Chlamydia is one of the most common sexually transmitted infections (STIs). It is caused by Chlamydia trachomatis bacteria.
It is an infection of the reproductive and/or urinary tracts (and sometimes of the throat or rectum). It is possible to have other infections, such as gonorrhea, along with it. Chlamydia is easily treated with antibiotics.
Chlamydia is spread by having unprotected oral, vaginal or anal sex with a person who has it. Infected individuals are at increased risk of contracting and transmitting HIV.
In most cases symptoms never appear and therefore you can pass on the infection without knowing it. Symptoms can develop between two to 10 days after possible exposure and may include the following:
Vaginal/cervical infection: Eighty per cent of vaginal/cervical infections are asymptomatic. Individuals with symptoms may notice unusual vaginal discharge, unusual odour, itching, painful penetration, bleeding with sexual intercourse, lower abdominal pain, heavier menstrual periods, and/or pain/burning during urination.
Urethral/penile infection: Fifty per cent of urethral/penile infections are asymptomatic. Individuals with symptoms may notice a discharge from their penis, burning or itching around the opening of the penis, pain/burning during urination, and/or swelling of the testicles.
Throat infection: Throat infections often have no symptoms at all however some may experience a sore throat.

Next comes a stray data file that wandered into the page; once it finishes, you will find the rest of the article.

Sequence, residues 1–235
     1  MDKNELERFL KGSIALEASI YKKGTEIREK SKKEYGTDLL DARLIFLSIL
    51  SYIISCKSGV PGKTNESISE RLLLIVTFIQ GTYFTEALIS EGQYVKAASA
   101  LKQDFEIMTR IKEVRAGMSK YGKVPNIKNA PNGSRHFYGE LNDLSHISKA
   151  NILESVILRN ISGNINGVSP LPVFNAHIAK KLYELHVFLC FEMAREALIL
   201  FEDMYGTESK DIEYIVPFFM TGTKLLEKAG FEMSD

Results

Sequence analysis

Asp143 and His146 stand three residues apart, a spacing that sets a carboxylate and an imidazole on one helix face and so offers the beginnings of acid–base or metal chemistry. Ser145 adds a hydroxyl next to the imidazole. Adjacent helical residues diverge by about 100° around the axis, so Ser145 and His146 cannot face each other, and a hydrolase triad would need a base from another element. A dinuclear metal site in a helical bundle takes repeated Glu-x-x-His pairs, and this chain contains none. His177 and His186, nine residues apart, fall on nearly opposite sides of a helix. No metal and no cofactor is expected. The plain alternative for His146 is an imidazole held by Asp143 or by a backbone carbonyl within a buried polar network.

Anal/rectal infection: Anal infections often have no symptoms at all. Some infected individuals may notice anal itching, painful bowel movements, an urgency to have a bowel movement, and/or anal discharge.
Vaginal/cervical: A swab is inserted into the vagina and a sample of secretions is taken from the cervix.
Urethral/penis: Diagnosis is usually made through a urine sample although, if discharge is present, a swab may also be taken. You should not urinate for one hour before the test.
Throat and rectum: Swabs are taken from the throat and/or rectum.
Untreated chlamydia can cause serious infection of the uterus and fallopian tubes called pelvic inflammatory disease (PID) which can lead to increased risk of ectopic pregnancy (a pregnancy in the fallopian tube), and/or miscarriage and infertility. As well, if left untreated chlamydia can also cause inflammation of the epididymis and arthritis (rare). It can also cause an eye infection if the infected discharge touches the eye.
Chlamydia is easily treated with antibiotics. It is important that you take all the pills as directed even if the symptoms have disappeared. Pelvic inflammatory disease may need hospitalization and treatment with intravenous antibiotics.
All sexual partners within the past two months should be tested and, even if their test results are negative, they should be treated. If you have not had sex in the past two months, your most recent partner(s) should be tested and treated. Inform your partner(s) that not having symptoms does not mean that they do not have chlamydia.
In some cases you may be asked to have a follow-up test after treatment to make sure that the infection has cleared up. Avoid having intercourse (oral, anal or vaginal ) until your partner(s) have been tested and treated as well. If your partner(s) are not treated, there is a high risk that you will be re-infected.
Using a condom every time you have oral, vaginal and anal sex will greatly reduce your chances of getting chlamydia and other sexually transmitted infections.